The idea came about that the same principle could be used on pitches. The concept was put to the test on a pitch and the results proved better than the electric cable systems in use at the time, which baked soil-based pitches. This niche idea inspired Ken to form Pitch Heating, developing the right skills and creativity. The company has grown and installed their system on many pitches in the UK and Europe, including a number of the well-known football clubs. The full reconstruction of the new pitch came with the brief to replicate the Elland Road stadium pitch and conditions. This was to ensure that the Leeds players trained on a pitch with familiarity; the same surface, size and dimensions of the stadium pitch.
Ed Chappelow commented that professional pitch construction has developed significantly since the days of simple soil pitches. The new pitch at Leeds Training Ground has the following specification: 125mm of gravel to drain water, topped with 200mm of sand, a 100mm sand/soil mix and a hybrid turf consisting of stitched synthetic fibres, interwoven at every 2cms and combined with organic grass. This provides ideal playing conditions and helps maintain the grass in top condition.
The work was carried out as follows: Chappelow’s came with two large diggers and dug out to the required depth and size. Then came the gravel and drainage which was followed by the sand. Stefan says that Mansfield sand is the sand of choice and the best in his estimation! Ken Pryor and his team then came and installed 36,500 metres of MDE piping over the pitch at 250mm centres throughout.
This layout was calculated to provide around 140,000 litres of warm water around the pitch. The piping was connected to a self-contained and purpose-built boiler house which contained the circulation pumps and control equipment. Kerosene fuel was chosen and supplied to the boiler from a 10,000 litre bunded tank supplied by Tuffa Tanks. Controls are set to maintain a constant pitch temperature of 10°C as this also ensures fertilisers will work efficiently. When the pipework and heating had been tested, the pipes were covered, then rootzone and seeding. Stefan said that three weeks grow-in was allowed before stitching the 9,000sq. mtrs. which took around four weeks.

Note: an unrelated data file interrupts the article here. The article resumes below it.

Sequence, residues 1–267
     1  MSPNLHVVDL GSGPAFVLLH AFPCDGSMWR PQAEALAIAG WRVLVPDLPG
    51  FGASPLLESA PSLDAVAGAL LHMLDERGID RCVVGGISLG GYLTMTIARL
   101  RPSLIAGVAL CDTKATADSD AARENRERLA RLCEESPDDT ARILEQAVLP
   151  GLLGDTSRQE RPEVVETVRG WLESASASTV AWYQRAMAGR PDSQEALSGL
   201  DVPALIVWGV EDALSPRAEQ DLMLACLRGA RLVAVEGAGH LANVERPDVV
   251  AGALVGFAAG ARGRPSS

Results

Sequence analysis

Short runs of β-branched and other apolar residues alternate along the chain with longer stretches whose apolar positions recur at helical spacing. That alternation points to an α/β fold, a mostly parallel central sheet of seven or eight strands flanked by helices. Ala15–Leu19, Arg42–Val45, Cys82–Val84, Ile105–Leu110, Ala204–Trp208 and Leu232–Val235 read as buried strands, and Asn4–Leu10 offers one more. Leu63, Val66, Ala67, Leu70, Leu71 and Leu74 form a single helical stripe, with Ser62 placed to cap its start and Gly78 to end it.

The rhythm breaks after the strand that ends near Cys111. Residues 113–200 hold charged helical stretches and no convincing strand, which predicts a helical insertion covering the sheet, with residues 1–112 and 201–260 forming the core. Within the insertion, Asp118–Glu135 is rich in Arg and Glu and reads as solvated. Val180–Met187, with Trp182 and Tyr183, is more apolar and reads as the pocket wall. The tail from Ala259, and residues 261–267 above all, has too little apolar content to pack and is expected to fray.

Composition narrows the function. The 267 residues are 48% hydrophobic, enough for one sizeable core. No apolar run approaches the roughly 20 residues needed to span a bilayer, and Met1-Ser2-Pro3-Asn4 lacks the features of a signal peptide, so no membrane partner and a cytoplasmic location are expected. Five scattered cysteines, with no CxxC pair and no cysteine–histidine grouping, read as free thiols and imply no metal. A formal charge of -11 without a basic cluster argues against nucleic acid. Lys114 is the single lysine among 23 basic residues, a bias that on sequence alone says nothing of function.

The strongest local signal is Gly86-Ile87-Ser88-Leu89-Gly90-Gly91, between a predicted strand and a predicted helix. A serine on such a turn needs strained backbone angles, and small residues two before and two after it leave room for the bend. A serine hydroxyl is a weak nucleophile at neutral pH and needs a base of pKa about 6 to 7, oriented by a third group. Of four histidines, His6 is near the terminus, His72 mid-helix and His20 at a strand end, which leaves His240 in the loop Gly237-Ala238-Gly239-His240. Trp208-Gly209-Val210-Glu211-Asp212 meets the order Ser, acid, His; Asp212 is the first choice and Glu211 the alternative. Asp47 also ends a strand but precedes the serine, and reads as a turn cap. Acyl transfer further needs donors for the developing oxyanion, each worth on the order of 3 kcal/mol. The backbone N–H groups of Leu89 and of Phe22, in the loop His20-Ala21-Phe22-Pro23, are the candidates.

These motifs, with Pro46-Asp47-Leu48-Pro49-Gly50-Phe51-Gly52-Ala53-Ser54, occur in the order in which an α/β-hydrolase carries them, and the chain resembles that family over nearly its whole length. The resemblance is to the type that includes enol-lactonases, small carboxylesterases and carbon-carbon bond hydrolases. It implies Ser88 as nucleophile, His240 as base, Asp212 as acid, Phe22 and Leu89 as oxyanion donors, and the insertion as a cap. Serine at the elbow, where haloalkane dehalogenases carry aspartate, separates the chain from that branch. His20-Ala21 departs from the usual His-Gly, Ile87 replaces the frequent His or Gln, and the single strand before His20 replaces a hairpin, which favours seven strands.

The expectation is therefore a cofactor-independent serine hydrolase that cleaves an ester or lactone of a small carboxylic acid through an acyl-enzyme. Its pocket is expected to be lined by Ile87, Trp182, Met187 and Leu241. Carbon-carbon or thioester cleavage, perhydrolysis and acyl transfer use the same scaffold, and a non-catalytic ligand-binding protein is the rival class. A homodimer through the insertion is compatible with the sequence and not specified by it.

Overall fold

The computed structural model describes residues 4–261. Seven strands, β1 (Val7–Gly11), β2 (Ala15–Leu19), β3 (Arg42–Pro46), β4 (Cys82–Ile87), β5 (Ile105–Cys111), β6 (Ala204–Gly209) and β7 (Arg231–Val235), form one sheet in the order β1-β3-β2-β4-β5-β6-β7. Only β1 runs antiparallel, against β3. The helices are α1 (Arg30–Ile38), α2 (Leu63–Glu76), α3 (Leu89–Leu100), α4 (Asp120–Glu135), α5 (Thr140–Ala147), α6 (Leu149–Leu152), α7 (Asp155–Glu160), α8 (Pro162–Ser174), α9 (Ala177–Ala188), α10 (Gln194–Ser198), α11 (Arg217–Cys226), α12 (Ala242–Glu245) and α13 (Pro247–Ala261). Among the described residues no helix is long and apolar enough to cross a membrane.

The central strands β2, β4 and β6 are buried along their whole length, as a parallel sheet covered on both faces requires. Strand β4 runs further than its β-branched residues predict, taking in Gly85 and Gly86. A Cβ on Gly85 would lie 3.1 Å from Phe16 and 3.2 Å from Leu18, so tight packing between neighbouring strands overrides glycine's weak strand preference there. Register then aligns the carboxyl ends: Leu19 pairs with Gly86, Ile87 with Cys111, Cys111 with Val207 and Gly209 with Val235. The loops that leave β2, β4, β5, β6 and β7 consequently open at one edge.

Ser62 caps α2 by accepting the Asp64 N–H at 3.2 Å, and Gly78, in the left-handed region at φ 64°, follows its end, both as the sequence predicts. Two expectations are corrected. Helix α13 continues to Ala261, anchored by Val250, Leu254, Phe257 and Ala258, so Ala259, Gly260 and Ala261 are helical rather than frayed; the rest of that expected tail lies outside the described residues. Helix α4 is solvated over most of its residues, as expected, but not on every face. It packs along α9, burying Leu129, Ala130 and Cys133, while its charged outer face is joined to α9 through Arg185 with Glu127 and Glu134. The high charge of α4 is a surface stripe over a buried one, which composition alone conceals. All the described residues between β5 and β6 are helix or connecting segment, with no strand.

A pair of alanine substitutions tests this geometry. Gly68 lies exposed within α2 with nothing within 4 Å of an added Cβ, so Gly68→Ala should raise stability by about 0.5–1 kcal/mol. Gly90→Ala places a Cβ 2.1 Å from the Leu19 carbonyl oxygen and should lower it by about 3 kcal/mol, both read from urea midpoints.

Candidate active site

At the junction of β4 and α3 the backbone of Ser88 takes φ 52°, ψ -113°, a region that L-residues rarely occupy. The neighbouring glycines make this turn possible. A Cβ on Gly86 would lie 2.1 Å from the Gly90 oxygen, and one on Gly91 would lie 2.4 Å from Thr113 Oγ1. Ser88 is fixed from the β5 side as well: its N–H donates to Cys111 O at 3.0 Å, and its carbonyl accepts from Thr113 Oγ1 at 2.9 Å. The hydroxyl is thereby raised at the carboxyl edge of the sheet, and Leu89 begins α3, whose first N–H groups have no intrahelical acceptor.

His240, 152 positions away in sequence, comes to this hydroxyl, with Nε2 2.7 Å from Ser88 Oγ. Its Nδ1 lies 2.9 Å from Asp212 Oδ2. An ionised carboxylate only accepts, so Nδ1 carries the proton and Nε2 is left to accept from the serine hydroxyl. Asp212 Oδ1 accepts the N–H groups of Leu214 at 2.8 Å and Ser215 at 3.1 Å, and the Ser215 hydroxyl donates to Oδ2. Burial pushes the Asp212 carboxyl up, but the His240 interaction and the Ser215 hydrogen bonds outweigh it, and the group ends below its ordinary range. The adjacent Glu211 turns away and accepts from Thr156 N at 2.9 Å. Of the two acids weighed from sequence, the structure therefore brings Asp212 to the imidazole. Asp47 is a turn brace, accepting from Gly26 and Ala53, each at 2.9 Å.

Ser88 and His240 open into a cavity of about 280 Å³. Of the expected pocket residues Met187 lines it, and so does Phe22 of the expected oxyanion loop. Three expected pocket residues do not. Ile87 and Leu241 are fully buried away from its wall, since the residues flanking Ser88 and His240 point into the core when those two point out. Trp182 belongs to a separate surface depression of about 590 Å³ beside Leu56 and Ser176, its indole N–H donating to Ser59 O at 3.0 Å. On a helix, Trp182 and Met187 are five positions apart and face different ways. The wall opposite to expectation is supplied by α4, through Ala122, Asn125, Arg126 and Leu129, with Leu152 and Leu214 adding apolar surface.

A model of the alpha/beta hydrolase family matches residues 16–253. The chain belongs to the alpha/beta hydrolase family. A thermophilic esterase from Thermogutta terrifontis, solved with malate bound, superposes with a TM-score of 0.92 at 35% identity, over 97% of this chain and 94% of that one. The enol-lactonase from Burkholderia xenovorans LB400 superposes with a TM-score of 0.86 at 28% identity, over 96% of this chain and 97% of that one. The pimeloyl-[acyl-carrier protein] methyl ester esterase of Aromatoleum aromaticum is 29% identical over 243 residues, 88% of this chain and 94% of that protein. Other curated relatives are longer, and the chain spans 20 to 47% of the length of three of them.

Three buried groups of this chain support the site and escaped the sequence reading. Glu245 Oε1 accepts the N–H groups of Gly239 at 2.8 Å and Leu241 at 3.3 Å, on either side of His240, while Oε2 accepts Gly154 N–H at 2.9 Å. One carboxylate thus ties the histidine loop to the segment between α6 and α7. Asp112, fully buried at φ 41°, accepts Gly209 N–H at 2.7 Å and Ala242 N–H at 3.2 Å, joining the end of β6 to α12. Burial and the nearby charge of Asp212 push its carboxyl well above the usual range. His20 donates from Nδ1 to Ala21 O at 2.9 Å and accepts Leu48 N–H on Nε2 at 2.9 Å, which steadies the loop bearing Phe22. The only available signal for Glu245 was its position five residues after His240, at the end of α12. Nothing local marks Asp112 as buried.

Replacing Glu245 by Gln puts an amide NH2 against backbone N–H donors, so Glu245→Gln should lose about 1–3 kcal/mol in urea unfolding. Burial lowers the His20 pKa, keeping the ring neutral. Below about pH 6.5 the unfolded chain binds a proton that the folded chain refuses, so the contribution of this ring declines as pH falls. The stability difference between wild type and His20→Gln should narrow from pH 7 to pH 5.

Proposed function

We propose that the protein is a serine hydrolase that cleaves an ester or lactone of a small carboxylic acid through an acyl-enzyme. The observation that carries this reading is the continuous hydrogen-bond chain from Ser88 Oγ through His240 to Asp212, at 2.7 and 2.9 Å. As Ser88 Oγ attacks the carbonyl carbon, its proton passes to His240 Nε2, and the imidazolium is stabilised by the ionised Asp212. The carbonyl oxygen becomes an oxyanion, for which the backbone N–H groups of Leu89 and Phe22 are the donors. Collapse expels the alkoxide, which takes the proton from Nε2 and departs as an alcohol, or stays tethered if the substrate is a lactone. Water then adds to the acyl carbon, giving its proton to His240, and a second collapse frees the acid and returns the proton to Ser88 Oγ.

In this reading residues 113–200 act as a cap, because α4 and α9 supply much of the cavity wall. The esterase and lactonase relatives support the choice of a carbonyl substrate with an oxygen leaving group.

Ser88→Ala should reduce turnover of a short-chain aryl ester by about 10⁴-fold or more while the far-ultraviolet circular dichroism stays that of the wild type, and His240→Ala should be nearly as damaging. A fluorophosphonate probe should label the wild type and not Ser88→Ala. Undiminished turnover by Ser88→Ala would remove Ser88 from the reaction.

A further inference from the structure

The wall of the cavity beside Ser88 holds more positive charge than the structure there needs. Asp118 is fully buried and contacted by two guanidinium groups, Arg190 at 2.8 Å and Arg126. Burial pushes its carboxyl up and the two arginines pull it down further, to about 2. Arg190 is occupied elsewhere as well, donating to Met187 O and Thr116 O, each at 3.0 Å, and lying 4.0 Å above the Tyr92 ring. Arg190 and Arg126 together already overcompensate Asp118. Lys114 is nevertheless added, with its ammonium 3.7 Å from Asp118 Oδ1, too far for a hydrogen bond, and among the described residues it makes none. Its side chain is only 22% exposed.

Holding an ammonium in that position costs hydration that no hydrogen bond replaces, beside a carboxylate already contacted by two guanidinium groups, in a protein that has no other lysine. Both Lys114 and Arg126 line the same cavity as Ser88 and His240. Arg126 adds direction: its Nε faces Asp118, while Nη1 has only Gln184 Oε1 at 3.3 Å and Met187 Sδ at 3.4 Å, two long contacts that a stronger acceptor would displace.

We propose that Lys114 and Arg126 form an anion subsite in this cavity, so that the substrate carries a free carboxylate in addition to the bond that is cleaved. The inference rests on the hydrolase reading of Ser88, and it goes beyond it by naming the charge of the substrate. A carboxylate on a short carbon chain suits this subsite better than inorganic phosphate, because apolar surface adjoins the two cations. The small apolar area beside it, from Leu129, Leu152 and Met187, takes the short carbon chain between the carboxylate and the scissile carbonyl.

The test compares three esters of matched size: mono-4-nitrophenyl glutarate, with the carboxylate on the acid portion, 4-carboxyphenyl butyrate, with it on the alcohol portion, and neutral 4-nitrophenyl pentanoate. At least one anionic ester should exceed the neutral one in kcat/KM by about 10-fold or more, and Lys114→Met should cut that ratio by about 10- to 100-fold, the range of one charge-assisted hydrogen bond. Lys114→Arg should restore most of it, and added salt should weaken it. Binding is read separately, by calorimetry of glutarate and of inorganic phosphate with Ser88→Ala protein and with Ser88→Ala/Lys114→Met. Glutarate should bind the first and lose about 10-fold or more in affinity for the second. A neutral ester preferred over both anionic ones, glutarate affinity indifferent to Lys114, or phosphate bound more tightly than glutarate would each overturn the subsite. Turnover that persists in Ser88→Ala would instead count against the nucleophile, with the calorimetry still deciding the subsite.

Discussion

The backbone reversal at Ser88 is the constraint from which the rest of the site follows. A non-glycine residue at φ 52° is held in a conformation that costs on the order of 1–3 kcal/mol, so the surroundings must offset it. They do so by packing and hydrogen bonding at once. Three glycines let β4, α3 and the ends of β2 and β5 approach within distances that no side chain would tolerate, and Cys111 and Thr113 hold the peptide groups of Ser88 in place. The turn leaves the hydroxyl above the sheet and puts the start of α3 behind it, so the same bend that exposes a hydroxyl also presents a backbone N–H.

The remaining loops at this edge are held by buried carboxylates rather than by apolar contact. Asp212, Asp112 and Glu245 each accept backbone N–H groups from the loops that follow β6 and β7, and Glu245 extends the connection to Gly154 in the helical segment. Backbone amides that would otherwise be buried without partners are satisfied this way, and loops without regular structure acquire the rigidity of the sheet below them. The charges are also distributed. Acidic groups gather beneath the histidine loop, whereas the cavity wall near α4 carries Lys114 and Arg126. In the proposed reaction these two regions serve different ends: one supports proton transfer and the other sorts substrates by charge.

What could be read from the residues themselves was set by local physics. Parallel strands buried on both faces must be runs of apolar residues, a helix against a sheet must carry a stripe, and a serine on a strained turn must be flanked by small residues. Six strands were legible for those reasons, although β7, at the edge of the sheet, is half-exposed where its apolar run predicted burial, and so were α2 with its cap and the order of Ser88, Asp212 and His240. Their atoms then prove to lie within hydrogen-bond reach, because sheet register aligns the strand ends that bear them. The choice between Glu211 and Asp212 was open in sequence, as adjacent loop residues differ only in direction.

Regular cutting and maintenance followed in due course and Stefan is justifiably proud of the new pitch!
Following our inspection of pitch 7, the rest of the facility was viewed and photographed, including the boiler house, controls and irrigation system. We returned to the Barn and, after looking at the new academy building, went inside the main building and provided with an extensive tour of the facilities which included a café, rest rooms, sleeping quarters, hi-tech gym and equipment and a relaxation area including a log burner (one of Marcelo Bielsa’s ideas to create a relaxing ambience). We sat in this area to talk about Stefan and his work at Thorp Arch.
Stefan, aged 45, has now been at Thorp Arch Training Ground for eight years. He lived near a golf course and, with a love of the outdoors, always wanted to play golf. He attended Fulford School and went to the greenkeeping department at Fulford Golf Club for his two-week work experience. The head greenkeeper, Mark Mennell took an interest in his development and provided the inspiration for Stefan to pursue a greenkeeping career. He went to Askham Bryan College where he studied Amenity Horticulture and achieved a City & Guilds level 2 qualification. He enjoyed his time there but had to play a waiting game, as he tried work in landscape and horticulture, until a greenkeeping opportunity came along.